What 'Hala' gets right and wrong about growing up Muslim in America

Rasha Ali, USA TODAY

Disclaimer: I don't speak for all Muslim-Americans, but I can say that at least a good amount of us are tired of seeing the stereotypical Muslim girl portrayed over and over again.

And that's exactly what "Hala" does. 

Minhal Baig's new film (in theaters Friday in New York, Los Angeles, San Francisco, Columbus, Ohio, and Louisville, Kentucky; streaming Dec. 6 on Apple TV Plus) focuses on a first-generation, 17-year-old Pakistani-American girl of the same name (played by Geraldine Viswanathan) whose conservative parents expect her to marry a nice Muslim boy. Her parents had an arranged marriage, don't want her hanging out with boys because reputation, her mom practically forces her to pray, but Hala is a "rebel." She falls for the white boy in her class, goes out at all hours of the night with him and eats non-halal meat (halal meat is prepared according to Islamic law, kind of like kosher). 

Surprise.

Geraldine Viswanathan stars as "Hala," a coming-of-age story drawn from the experiences of director Minhal Baig.

While "Hala" does get certain aspects of the Muslim-American experience correct, it isn't representative of all Muslim women and it also plays into a harmful stereotype of Muslim women. 

When it comes to hijabs and foregoing cute sleeveless tops because your mom doesn't approve, "Hala" got it wrong.

While some Muslim women do dress modestly and wear hijabs, that's not the case for all of us, and quite frankly it's a little exhausting to see Muslim women constantly portrayed that way.

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Muslim women aren't monolithic, and it's important to note that we don't all share the same culture, which can influence how we each choose to practice our faith. 

While, yes, like Hala's mother, my own mom also strongly suggested dressing modestly and would threaten to throw out my distressed jeans that were ripped all the way to the thighs, that didn't stop me from wearing them in public. Spoiler alert: I also didn't get disowned.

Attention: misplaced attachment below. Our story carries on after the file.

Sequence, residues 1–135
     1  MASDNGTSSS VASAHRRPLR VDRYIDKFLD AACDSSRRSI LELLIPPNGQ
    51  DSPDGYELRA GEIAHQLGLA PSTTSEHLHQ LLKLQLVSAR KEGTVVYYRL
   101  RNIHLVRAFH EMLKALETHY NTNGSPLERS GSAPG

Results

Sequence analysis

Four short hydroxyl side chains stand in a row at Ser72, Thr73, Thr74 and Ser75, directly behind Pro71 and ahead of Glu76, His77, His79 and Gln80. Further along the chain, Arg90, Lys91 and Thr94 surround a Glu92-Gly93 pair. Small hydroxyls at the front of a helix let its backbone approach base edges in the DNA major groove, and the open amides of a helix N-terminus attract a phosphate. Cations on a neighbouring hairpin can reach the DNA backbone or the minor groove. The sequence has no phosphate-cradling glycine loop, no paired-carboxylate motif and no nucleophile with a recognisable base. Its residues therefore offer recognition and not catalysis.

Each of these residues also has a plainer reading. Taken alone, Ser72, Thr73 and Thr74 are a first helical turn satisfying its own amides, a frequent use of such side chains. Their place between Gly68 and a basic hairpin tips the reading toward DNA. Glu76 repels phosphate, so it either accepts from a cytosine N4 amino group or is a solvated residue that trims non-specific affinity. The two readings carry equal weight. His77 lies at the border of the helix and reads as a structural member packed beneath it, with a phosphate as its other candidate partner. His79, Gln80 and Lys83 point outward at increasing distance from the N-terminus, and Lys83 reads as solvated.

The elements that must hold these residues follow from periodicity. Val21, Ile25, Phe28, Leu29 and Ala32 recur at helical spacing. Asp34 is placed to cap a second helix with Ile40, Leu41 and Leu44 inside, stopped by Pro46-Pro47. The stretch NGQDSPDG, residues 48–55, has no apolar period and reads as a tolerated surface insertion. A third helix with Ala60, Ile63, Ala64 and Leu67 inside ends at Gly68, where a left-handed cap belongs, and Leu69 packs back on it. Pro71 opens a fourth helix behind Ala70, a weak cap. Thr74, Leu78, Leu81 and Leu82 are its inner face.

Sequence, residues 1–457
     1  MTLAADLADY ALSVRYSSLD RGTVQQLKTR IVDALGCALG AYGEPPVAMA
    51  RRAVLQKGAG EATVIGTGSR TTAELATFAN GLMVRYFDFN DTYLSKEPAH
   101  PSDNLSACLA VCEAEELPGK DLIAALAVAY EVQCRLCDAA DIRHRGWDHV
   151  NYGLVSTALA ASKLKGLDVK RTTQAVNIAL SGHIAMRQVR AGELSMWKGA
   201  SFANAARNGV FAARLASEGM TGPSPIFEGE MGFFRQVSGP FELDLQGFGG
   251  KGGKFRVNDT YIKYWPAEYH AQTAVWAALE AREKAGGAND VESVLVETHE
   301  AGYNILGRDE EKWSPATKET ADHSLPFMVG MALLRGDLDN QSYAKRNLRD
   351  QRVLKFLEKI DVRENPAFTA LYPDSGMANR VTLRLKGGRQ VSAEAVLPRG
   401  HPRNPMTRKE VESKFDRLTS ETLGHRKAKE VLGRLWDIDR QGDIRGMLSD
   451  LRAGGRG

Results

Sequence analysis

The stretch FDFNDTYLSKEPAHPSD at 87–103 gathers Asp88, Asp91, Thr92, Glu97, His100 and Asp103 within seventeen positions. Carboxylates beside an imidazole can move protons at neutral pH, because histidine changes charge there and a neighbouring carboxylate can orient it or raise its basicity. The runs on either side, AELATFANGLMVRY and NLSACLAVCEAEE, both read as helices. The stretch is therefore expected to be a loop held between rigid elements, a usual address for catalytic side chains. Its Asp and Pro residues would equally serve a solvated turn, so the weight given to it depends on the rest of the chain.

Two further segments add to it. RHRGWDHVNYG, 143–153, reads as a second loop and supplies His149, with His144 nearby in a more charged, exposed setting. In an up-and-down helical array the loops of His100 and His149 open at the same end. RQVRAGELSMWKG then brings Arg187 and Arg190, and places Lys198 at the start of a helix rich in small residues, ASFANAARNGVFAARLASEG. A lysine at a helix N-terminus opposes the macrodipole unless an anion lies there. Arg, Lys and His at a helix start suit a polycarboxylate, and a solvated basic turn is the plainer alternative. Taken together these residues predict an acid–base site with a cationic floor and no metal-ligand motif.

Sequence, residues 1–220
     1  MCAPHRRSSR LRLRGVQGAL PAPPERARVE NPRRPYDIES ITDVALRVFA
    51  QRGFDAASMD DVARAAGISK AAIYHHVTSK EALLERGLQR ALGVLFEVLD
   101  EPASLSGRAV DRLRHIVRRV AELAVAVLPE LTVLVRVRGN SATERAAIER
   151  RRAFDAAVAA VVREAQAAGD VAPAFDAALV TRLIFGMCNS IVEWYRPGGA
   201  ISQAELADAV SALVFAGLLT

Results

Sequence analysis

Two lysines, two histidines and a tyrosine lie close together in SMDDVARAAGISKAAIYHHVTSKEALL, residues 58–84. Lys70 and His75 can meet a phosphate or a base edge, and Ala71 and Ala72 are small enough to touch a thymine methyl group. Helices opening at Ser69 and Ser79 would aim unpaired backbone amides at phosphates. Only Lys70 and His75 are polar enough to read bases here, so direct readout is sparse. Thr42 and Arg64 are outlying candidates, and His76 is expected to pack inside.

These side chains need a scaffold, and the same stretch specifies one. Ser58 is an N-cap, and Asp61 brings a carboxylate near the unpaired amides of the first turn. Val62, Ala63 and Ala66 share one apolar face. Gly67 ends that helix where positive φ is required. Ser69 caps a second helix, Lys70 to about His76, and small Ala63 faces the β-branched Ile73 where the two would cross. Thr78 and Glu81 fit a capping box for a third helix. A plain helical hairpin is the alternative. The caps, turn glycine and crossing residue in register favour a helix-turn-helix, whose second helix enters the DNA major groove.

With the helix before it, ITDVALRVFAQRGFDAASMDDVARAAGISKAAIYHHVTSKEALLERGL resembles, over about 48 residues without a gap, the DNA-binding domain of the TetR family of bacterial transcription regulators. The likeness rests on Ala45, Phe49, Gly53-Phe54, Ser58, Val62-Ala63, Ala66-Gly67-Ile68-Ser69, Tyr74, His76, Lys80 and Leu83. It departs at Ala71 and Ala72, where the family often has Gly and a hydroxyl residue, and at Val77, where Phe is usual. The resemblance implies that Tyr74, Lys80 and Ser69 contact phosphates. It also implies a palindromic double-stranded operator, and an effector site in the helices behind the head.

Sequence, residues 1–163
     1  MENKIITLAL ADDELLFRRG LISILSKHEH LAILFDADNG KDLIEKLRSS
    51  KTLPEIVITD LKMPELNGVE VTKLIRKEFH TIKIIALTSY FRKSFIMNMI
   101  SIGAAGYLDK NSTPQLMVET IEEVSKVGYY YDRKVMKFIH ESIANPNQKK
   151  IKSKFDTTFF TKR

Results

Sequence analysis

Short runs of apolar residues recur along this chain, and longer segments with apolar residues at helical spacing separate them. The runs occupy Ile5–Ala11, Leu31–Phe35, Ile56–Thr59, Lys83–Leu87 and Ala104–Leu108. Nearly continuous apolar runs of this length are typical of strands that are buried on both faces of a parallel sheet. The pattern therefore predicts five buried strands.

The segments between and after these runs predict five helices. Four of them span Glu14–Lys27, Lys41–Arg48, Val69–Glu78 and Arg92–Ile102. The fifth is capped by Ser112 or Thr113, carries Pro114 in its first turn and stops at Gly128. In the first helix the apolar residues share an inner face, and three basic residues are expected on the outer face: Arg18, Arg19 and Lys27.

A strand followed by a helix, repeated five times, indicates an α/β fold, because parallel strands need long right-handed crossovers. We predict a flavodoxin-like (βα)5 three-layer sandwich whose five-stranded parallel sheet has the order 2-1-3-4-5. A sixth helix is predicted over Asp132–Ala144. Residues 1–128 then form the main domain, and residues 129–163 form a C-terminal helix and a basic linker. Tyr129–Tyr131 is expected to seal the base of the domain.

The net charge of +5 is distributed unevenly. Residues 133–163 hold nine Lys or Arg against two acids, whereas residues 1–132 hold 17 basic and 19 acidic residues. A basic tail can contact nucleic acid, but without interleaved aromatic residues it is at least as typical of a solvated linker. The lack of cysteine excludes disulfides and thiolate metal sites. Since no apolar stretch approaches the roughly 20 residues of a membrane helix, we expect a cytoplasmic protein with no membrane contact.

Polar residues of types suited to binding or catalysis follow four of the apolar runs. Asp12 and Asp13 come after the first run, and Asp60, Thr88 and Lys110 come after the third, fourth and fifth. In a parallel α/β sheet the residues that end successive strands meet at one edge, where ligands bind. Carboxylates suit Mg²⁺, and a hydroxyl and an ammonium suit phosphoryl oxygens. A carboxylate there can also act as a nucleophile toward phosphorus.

Modesty and the decision to wear a hijab varies so much between each Muslim woman that there'd even be differences in the way my first cousin and I dressed. 

Geraldine Viswanathan plays a 17-year-old first-generation Pakistani-American.

It's clear that both Hala's parents don't want her hanging out with boys because people will talk and her reputation will be ruined. In short, they want her to find a nice Muslim boy to marry, but she pines for the white boy in her class and even attempts to have sex with him.

And, yes, I can attest that a few of us have fallen victim to being caught in a questionable but innocent situation with a boy and having the news travel back to your parents via your family friend's aunt's stepsister's dentist. It's not fun and I have also sat through many a lecture about the importance of perception and the community's approval. 

However, what's supposed to be Hala's coming-of-age story is instead depicted as a "rebellion" against her religion and culture once she finds out about her dad's affair. 

But what's portrayed as rebellion – having intimate or sexual relationships before marriage and lying to her parents – isn't really atypical for any teenager, Muslim or not.

Muslim women have sex before marriage (shocker). Muslim women might also indulge in bacon (yes, of the pork variety) on occasion. Muslim women will get married to non-Muslim men or men who pretend to be Muslim just for the sake of getting married. Muslim women will also drink alcohol, smoke weed and go about living their lives without anyone knowing they're Muslim unless they asked. 

A high school senior (Geraldine Viswanathan, right) develops feelings for a classmate (Jack Kilmer) that run counter to her traditional Muslim upbringing in the coming-of-age drama "Hala."

Although "Hala" can most definitely be an accurate depiction of Muslim women living in America, it's another oversimplified image of what a first-generation Muslim teen looks and behaves like.

Unlike Hala's parents, who had an arranged marriage (which plays into the stereotype of Muslim relationships), my parents met at work, fell in love and got married (unless there's something they're not telling me).

Hala's mom all but forces her to wake up at dawn to pray Fajr. I don't even know how to pray properly (if any family members are reading this, please avoid blowing up my phone and shaming me, thanks in advance). 

But again, neither Baig nor I am able to speak to all Muslim women's experiences in the United States, and whether or not I agree with her portrayal of Hala, Baig's connection to the story is as valid as my disconnect from the story. 

It's not so much what "Hala" gets wrong about the Muslim experience that's the problem, it's more that there are limited movies and shows that center around a Muslim woman or family. So while young white men and women are able to see themselves represented in all aspects of media as doctors, presidents and lovers, and are allowed to have multiple storylines and experiences, the same doesn't hold true for marginalized communities, including Muslims. 

So when we get another film like "Hala" that portrays the stereotypical young Muslim teen wanting to rebel, that image becomes the only image of Muslims in America.

This article originally appeared on USA TODAY: 'Hala' gets a lot wrong about growing up Muslim in America